2. Vanilla ice cream with fruit. In the summer time I add slices of strawberries to my vanilla ice cream. Sometimes I’ll drizzle a little light chocolate sauce on it too. Love the flavors!

3. Fruit Crumble. There are lots of quick recipes you can do to make a fruit crumble. One I used to do was cooking apple slices in a skillet with a little brown sugar, top with granola cereal and a scoop of ice cream–yum!

4. Fruit and honey. I recently made a dessert for a dinner party that was a hit. It was slices of pears with goat cheese, toasted walnuts and drizzled with honey. It was delicious and healthy.

5. Dark Chocolate. A few years ago I made the switch to dark chocolate. It’s so much healthier and after getting used to the dark, rich flavor I started to prefer it over any other chocolate. It’s good because it’s hard to eat a LOT of dark chocolate!

QUESTION: What is YOUR nemesis? What’s your battle plan?


A-Abstinence * B-Balance * C-Calories * D-Vitamin D * E-Emergency * F-Fast Food and Fine Dining * G-Gym Bag * H-Happy Weight * I-Intervals * J-Jumping * K-Keeping Sane * L-Losing Weight * M-Measuring Mistakes *

M is for Measuring Mistakes

M is for Measuring Mistakes

Whenever I start to see some weight gain, the first place I look for the culprit is in my measurements. Food serving sizes and portion control are a huge piece of the weight loss equation, maybe even one of the most important parts.

It’s so easy to get off-track when we don’t measure. I used to measure pretty diligently when I was trying to lose weight. For two years I ate a turkey sandwich for lunch with one serving of Wheat Thins. (Boring, I know.) I would count out a serving of crackers and put them in my lunch bag.

Now that I’m in maintenance mode I measure less often. I tend to “eye-ball it” instead. Most of the time this is effective. I’m not restricting food, but eating in moderation within a certain calorie range.

The bad news: it’s so easy to overeat when not measuring.

Every so often I get back on track by measuring out my food. I usually know when I’m getting out of control again with my measuring. I’ve said it before and I’ll say it again: a portion size is never as much food as you WANT to eat!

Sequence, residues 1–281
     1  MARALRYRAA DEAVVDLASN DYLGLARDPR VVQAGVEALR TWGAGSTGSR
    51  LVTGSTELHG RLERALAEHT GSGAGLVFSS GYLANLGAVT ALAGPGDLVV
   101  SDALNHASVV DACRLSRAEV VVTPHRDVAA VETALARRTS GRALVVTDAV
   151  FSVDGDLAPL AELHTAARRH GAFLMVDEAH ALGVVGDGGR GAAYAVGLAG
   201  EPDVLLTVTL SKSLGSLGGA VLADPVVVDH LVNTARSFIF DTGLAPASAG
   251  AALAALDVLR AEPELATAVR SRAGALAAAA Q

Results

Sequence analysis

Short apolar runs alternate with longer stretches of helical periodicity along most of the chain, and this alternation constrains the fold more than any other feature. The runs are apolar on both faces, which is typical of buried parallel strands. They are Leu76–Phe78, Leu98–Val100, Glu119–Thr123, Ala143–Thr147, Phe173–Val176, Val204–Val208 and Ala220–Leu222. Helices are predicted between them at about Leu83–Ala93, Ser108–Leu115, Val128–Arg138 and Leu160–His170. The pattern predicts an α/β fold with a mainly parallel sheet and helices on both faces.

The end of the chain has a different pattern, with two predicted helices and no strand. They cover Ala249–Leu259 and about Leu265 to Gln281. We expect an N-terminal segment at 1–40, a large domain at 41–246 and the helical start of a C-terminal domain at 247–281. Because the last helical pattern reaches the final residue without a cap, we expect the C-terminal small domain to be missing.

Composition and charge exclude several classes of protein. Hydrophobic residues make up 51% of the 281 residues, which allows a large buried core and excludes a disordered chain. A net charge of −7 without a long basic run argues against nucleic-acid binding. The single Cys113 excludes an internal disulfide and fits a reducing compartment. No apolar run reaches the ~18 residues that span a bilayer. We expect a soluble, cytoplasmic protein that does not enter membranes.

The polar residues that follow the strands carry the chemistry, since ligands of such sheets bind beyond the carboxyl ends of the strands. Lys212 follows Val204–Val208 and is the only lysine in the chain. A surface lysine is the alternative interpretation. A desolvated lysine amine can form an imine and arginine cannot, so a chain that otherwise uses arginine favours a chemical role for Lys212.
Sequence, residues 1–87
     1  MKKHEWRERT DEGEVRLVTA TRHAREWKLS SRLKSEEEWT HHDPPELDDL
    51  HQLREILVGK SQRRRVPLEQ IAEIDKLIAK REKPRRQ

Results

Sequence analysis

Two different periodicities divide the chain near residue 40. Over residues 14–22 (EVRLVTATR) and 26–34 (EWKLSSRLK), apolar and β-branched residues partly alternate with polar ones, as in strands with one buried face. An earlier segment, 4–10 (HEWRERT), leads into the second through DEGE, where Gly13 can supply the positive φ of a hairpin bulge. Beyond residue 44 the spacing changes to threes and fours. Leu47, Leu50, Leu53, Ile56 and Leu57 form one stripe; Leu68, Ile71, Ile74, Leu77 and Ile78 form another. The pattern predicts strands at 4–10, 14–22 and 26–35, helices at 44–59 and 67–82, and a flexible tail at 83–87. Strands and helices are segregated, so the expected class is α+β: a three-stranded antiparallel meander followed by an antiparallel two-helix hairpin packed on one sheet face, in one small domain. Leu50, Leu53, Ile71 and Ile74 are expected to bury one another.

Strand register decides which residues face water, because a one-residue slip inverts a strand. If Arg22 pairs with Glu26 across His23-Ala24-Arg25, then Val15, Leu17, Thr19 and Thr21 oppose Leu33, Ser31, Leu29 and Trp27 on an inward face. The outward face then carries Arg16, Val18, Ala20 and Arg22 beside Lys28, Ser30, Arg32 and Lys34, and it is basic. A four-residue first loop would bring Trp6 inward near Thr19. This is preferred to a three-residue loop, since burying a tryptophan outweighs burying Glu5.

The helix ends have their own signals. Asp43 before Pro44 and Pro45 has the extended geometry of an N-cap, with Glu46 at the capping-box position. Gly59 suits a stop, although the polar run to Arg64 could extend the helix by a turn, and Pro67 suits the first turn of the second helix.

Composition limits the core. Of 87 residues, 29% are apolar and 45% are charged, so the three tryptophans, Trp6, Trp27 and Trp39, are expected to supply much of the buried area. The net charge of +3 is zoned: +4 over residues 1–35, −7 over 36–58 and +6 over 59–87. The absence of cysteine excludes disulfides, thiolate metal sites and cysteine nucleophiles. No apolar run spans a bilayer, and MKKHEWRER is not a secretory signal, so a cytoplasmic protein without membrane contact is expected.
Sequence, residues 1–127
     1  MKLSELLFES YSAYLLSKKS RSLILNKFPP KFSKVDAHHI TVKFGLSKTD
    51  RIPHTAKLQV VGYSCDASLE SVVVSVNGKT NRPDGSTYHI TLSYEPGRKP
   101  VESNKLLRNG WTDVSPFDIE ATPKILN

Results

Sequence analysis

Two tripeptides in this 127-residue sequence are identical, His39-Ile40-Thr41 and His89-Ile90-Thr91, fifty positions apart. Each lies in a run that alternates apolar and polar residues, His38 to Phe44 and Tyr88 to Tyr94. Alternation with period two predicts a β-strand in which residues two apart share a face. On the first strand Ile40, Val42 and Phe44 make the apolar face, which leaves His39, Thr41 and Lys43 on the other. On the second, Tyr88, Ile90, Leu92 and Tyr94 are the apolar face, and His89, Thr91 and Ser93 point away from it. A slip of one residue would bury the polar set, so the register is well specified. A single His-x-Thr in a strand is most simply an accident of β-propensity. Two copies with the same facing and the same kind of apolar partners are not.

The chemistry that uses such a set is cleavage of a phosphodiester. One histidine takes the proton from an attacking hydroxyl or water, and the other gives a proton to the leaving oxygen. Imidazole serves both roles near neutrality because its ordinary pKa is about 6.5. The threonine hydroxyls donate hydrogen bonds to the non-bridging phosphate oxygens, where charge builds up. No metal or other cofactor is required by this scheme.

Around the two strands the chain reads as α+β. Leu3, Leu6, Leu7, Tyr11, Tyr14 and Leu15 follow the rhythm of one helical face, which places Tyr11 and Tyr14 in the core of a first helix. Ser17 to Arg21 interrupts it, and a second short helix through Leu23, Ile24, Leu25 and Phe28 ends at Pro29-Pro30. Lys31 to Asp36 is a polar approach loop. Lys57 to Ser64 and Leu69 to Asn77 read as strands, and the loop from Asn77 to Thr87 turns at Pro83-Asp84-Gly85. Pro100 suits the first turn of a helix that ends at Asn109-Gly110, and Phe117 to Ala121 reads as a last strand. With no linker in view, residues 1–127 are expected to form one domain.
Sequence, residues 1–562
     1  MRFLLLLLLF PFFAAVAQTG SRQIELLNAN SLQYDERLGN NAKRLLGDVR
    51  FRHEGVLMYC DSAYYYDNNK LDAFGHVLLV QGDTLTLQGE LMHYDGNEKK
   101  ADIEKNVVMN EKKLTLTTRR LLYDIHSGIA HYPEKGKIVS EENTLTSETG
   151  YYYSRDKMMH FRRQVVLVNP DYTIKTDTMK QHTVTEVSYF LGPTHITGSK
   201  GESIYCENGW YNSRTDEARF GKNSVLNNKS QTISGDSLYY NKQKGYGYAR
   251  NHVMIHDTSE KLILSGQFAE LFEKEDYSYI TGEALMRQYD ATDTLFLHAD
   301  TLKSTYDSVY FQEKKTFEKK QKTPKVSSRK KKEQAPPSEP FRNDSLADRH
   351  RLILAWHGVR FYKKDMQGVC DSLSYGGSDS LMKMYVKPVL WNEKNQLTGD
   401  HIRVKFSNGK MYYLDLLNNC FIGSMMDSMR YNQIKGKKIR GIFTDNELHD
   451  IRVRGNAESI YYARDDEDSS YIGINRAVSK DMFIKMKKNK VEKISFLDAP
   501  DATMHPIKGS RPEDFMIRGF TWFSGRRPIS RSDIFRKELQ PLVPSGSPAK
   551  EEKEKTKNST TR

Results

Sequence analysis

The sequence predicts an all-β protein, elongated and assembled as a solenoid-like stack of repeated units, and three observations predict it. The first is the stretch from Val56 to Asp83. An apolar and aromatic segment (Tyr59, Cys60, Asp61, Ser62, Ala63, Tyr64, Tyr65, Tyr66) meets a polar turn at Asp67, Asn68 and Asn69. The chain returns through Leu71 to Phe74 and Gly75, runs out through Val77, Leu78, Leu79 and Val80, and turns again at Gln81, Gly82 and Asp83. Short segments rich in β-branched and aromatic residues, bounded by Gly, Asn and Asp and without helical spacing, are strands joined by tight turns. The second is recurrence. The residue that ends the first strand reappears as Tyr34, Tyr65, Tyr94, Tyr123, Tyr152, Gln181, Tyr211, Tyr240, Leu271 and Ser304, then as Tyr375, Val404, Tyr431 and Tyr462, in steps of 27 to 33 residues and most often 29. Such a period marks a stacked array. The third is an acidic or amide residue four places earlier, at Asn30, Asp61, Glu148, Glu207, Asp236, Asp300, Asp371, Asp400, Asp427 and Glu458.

Here are a few examples of serving sizes. Let’s go with the Wheat Thin example. A serving size is 16 crackers for 140 calories. This is what a serving size looks like:

But what if you ate “just a few more crackers” than the serving size? It often seems like “just a few more” isn’t a big deal.

22 crackers–“just a few more” equals nearly 200 calories (193 to be exact). While it doesn’t seem like much, it all adds up pretty quickly when we’re not calculating the calories accurately. Pretty soon those “just a few more” bites, nibbles and snacks can be hundreds of calories in a day.

It’s easy to get lazy with “eye-balling” portions. Just a handful here…a few bites there…and soon it adds up fast. Especially if you aren’t recording those bites and nibbles. I recently decided to banish the mindless candy eating at work and so far it’s been going well. One thing I found by avoiding that Candy Room: I have hundreds of calories left over for the day. Wow! What a difference measurement, accountability and restraint makes! It fueled me to keep going and break the candy habit!

QUESTION: Do you measure food? Do you track the “nibbles and bites”?


A-Abstinence * B-Balance * C-Calories * D-Vitamin D * E-Emergency * F-Fast Food and Fine Dining * G-Gym Bag * H-Happy Weight * I-Intervals * J-Jumping * K-Keeping Sane * L-Losing Weight *